Training by Body Type

Training by body type

Your specific body type is dependent on your genetics. As with the world’s best sportswomen, the top fitness models are first born with the potential, then train and diet hard to look even better.

Unfortunately not everyone is going to look like Miss Eason (very sad, I know), but realising what body type you have allows you to properly plan your workouts and eating strategies to best suite your body and to get as close to this look as possible.

Body types or, scientifically-speaking, somatotypes are divided into three broad categories: Mesomorphs, Ectomorphs and Endomorphs.


Mesomorphs are naturally athletic-looking, possessing broad shoulders and decent amounts of lean muscle mass. Mesomorphs are also endowed with fast metabolisms, which allows them to both build muscle and lose fat relatively easily. Furthermore, their speedy metabolisms allow them to get away with eating what they want without too much worry. As such, this is the ideal body type if you wish to become a fitness competitor or model. If you exhibit predominantly meromorphic characteristics count yourself lucky.


  • Complete 3-4 full body training sessions per week. These sessions should be a combination of strength and metabolic work.
  • Focus on full-body movements without placing too much emphasis on particular muscle groups.
  • Keep the volume at each session low. Do 4-5 exercises with 3-5 sets of between 6-12 reps of each.
  • Don’t perform too many quad-dominant exercises, especially isolated variations and avoid high intensity work on the bike   (including spinning).
  • Do not perform oblique-focused exercises as you could end up with a thick waist. Out with the crunches in with the planks!
  • Avoid training the upper trapezius muscles directly with excessive upper back, shrugging and upright rowing movements.
  • If you begin to add excessive muscle back off the resistance training and add some steady state endurance cardio to the mix.



Endomorphs are naturally heavy with wide bone structures, higher amounts of fat and cursed with the ability to gain weight easily. However, endomorphs can have good amounts of muscle, which is a good thing. Endomorphs don’t necessarily have to be overweight, but they’re definitely heavier and rounder individuals. Oprah Winfrey and Marilyn Monroe are examples of endomorphs. With this type of body’s tendency to put on weight easily endomorphs often fight an ongoing battle against fat. However, no matter what body type you are you are not doomed to fatness – although you may just have a slightly harder time getting and staying in shape. Your best chance is to embrace the challenge.


  • The base of your training should always be resistance training. Do 3-4 full body training sessions per week.
  • During your strength training keep the intensity very high throughout by being strict with rest periods and using pairing, tri-sets and mini circuits.
  • Keep the volume within a session medium-to-high with 6-9 exercises of 3-5 sets.
  • Your rep ranges should be 6-10 on main compound exercises and 8-15 reps for accessory work.
  • On top of your strength training you should perform 2-3 metabolic sessions.
  • Ideally use high intensity metabolic circuit training or traditional HIIT work.



Ectomorphs are naturally skinny with narrow bone structures that leave them looking long and lean. They possess little body fat and very little muscle too (think fashion models). While some may believe these are genetically blessed individuals, with the fitness look you’re trying to achieve in mind female ectomorphs lack womanly curves. Thus the number one goal for an ectomorph is adding more muscle. If you’re an ectomorph you’ve probably realised that gaining muscle isn’t that easy for you. Ectomorphs have fast metabolisms and need more calories to maintain a given weight than a mesomorph or endomorph. This elevated metabolism and subsequent increased need for calories means you’ll need to adhere to certain body type-specific recommendations.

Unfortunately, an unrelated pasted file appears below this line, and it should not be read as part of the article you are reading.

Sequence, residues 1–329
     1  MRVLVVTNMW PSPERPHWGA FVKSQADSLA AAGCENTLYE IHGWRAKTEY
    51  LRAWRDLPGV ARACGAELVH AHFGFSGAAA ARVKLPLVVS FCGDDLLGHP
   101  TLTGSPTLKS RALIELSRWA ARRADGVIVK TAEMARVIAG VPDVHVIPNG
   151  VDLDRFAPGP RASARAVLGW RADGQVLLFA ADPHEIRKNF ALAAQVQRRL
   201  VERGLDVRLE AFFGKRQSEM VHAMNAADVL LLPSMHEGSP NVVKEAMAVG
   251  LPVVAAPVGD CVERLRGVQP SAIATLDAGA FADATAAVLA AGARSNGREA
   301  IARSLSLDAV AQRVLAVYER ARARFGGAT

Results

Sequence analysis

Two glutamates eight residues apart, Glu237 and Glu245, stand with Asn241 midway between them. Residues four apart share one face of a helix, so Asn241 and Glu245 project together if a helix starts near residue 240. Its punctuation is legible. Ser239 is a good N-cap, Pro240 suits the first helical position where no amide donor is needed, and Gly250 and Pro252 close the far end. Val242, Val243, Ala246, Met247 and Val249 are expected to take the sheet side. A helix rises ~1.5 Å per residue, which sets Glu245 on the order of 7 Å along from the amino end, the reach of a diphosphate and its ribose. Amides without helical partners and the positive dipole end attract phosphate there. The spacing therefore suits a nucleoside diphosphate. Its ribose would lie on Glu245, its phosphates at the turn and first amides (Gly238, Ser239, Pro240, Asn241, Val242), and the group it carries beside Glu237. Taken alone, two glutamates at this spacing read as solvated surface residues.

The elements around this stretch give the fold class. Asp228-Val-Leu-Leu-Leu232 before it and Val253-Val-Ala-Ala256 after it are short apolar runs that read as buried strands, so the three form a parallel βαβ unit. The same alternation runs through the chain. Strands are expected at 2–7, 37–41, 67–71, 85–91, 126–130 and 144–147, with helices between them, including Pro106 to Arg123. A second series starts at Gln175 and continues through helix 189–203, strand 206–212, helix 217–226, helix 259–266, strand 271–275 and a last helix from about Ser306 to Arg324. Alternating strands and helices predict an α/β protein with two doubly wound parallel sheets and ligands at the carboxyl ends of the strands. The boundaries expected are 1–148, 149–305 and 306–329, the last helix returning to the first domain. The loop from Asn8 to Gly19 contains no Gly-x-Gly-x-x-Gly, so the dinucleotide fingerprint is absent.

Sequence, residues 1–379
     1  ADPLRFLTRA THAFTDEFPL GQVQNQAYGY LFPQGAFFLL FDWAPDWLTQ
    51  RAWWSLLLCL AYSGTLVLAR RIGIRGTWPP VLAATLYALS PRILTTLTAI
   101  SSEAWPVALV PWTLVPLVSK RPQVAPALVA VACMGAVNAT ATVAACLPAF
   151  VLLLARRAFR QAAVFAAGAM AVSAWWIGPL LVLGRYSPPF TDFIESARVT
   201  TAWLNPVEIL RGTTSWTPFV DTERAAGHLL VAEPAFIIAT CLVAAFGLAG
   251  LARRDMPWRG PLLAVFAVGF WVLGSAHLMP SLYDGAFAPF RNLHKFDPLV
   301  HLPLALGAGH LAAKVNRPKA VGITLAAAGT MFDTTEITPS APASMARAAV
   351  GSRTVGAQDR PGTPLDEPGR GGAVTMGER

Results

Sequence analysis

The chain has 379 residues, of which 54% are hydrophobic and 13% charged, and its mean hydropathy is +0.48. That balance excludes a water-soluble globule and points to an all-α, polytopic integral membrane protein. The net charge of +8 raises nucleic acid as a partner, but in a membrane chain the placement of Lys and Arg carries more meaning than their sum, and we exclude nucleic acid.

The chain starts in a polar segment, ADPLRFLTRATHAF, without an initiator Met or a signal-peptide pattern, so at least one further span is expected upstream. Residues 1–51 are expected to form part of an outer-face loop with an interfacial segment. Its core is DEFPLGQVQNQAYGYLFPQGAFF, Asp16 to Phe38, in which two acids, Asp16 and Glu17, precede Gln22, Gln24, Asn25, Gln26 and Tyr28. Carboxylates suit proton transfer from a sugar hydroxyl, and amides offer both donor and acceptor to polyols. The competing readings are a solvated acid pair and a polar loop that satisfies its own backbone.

• Your training should be strength-based involving heavy lifting using either three full-body or two upper and two lower body workouts per week.
  • Focus on the 3-4 big compound movements per workout like deadlifts, pull-ups, overhead presses and squats.
  • Use rep ranges between 5-10 for 3-5 sets. Ensure that you rest adequately between sets for around 60-120 seconds.
  • Ectomorphs take longer to recover so be sure to take a full day off between sessions.
  • You should avoid all metabolic training.

Somatotypes give you a good understanding of the basic guidelines that will govern your exercise programme and diet. But these science-based body types are rarely referred to in layman discussions and don’t completely account for the shapes our bodies take on. Instead, it’s more common to hear female body shapes being compared to apples and pears. Apples are rounder in the center and pears heavy on the hips and thighs. It is essential that you create balance in your physique by focusing on your lagging muscle groups and the ones that accentuate that hourglass shape, namely your glutes and shoulders. Interestingly your specific fat storage patterns don’t just happen, they are related to your hormones. Hormones can make you hold on to fat and heavily dictate where you’re going to store it. Taking control of your hormones is a key factor in shedding those last few kilos off of your problem areas. To understand why you’ve ended up looking like an apple or a pear you need to know which hormones relate to your trouble areas and how to improve them.

Author: Tanja Schmitz

Founder and Editor of Fitness Magazine. You’ll find her behind her computer or on her bike, dreaming up new ways to improve or create content for you.

Leave a Reply

Your email address will not be published. Required fields are marked *